The message of this post is pretty simple: Managers and reps should never schedule vacations during the last business week of the month.
I’m sure some of you—most likely front-line sales reps—growled a little bit at hearing that.
On the surface it sounds harsh, right? Companies don’t control our lives; we should have the freedom to go on vacation when we wish, shouldn’t we? This is the United States of America, free country, and all that, right?
In principle yes.
In the real world of professional sales?
Not on your life.
The last two to three business days of the month are crucial for sales teams. Not because it’s necessarily “crucial” for the people doing the selling, but because in many cases, it’s crucial for potential buyers.
Whether it’s real or simply imagination, the end of a month pulls on buyers’ psychological strings.
Many budgets run on end-of-month or end-of-quarter schedules. Department productivity goals are clearly in focus, and decision-makers want to, well, make decisions.
When the calendar turns, we don’t want to leave old problems unfinished. Old problems are stale, dull, rehashed.
We want to “gear up” for the next month, tackle new problems and fresh ideas.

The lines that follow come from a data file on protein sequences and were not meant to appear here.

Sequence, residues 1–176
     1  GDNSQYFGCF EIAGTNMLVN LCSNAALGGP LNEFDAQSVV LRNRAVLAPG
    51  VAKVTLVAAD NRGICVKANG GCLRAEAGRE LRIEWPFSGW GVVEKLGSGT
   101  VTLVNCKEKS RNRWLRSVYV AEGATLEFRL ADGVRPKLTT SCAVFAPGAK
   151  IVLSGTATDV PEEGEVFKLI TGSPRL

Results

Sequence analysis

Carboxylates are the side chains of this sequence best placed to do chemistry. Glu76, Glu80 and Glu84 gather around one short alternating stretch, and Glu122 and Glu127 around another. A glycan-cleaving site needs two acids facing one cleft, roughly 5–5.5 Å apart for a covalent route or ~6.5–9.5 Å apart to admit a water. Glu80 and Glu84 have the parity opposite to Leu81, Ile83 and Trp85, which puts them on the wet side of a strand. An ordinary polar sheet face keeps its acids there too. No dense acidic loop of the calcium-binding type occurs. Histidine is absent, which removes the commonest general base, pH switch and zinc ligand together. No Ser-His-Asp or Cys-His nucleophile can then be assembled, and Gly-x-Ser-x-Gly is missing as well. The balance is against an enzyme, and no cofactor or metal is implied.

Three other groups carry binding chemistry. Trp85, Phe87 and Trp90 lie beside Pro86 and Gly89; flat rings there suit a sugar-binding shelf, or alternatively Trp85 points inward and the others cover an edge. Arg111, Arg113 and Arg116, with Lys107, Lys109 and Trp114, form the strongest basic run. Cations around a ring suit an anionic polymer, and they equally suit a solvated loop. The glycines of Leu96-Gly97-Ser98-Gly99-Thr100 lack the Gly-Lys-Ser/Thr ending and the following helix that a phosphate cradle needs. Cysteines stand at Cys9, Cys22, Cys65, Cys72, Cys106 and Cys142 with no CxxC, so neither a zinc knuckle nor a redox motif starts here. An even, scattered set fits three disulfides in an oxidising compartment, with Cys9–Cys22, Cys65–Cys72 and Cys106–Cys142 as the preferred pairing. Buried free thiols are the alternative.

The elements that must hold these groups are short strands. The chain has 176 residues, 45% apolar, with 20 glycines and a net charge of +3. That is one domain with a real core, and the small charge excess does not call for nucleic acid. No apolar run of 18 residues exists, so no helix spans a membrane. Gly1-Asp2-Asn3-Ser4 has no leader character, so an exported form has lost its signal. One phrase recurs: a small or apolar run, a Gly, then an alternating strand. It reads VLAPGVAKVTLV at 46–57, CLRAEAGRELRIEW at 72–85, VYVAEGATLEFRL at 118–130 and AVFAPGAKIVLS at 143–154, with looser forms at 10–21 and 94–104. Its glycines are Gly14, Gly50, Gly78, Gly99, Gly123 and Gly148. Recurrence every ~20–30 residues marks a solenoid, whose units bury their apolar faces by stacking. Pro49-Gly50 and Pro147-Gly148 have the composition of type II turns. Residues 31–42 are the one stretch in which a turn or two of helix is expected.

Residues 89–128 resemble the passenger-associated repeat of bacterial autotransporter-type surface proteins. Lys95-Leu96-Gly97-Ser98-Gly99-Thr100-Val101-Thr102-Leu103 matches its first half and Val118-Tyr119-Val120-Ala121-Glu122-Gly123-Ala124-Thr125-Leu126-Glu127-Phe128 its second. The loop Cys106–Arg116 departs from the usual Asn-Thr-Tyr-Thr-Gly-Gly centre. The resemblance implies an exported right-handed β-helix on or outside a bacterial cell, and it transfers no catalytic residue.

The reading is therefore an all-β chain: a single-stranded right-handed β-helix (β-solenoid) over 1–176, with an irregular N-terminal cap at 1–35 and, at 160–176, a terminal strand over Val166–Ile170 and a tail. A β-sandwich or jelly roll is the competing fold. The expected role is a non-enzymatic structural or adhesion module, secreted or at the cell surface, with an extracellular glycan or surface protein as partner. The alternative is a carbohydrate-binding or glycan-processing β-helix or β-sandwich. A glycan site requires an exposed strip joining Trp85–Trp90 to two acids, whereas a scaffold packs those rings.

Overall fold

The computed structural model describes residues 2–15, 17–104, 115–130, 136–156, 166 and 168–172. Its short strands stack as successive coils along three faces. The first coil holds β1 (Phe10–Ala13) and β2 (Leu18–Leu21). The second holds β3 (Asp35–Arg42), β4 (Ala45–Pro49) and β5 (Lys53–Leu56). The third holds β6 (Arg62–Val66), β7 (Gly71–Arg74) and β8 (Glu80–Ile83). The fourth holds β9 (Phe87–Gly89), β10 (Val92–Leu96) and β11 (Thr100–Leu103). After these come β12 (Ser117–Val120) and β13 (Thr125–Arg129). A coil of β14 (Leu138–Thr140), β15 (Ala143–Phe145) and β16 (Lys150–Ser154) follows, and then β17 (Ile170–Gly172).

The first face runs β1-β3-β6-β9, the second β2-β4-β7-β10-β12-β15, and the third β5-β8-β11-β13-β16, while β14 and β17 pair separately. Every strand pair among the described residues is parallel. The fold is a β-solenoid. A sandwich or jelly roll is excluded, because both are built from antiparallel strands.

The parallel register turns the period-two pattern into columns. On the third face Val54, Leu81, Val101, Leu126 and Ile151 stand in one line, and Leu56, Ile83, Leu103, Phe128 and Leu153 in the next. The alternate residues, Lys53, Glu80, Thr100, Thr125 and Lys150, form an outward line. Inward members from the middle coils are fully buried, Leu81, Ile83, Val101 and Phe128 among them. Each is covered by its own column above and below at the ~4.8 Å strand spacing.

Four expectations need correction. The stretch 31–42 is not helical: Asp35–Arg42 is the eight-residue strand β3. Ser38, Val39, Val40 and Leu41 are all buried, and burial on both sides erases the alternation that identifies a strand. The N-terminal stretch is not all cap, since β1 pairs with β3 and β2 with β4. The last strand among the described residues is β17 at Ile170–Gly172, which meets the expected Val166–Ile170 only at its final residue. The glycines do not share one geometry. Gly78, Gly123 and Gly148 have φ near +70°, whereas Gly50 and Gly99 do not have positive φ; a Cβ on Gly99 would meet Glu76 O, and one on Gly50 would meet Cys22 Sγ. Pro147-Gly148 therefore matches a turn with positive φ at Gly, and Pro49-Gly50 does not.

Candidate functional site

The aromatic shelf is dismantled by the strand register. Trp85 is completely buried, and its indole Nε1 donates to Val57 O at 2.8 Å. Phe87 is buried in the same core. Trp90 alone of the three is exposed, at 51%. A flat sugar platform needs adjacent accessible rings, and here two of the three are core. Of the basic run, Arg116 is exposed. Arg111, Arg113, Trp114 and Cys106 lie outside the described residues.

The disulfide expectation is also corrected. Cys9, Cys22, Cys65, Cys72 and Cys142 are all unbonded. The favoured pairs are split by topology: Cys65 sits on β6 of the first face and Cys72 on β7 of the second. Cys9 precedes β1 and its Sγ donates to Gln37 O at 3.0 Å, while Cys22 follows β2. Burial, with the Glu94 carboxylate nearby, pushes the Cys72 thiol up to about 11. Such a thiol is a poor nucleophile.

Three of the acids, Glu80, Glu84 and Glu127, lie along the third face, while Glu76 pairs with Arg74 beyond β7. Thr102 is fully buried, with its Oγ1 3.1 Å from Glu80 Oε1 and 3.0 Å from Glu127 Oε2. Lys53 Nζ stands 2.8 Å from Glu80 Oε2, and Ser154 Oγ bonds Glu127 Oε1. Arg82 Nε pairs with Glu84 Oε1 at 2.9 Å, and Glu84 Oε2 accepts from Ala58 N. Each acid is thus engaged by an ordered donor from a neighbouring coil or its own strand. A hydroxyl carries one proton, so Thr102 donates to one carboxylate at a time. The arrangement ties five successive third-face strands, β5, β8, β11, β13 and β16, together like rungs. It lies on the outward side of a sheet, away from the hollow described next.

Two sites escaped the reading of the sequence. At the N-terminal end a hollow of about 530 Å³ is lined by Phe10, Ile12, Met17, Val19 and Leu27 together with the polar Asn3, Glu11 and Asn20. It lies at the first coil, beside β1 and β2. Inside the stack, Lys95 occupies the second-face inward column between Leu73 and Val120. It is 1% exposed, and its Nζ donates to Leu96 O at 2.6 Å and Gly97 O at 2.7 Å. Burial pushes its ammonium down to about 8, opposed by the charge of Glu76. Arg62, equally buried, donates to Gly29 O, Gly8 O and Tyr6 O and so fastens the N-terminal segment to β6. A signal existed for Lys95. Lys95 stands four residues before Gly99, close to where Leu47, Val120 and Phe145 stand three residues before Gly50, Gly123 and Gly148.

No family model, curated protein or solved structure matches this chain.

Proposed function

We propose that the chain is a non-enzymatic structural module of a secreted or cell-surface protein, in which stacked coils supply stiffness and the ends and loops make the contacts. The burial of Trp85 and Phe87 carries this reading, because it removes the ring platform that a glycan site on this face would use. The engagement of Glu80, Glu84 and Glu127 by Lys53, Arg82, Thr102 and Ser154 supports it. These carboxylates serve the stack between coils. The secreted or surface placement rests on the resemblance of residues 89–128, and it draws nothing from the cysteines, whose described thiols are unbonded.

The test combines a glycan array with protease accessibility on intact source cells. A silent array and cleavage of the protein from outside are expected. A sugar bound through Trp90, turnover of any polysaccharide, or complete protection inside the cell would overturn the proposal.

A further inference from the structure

And like it or not, sales reps need to be around to take advantage of it.
Whether it sounds disingenuous, whether it feels like a “mercenary” tactic, there’s a reason that sales reps need to be in the office on the last day of the month, because C-Level decision-makers want to make decisions, and mid-level managers want to impress the C-levels.
The bottom line? The last week of the month, money is floating through the air, and deals are begging to be closed.
If you’re looking for gifts for sales reps this year, InsideSales.com has compiled a nice list. Check it out and let me know what you think.
Top 30 Articles on www.KenKrogue.com (with total views) and a Summary of Ken’s Forbes Articles
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A Complete Summary of Ken Krogue’s Forbes Articles, Including his newly updated “Definition of Inside Sales” and his #1 on all of Forbes (and his most controversial) article “The Death of SEO”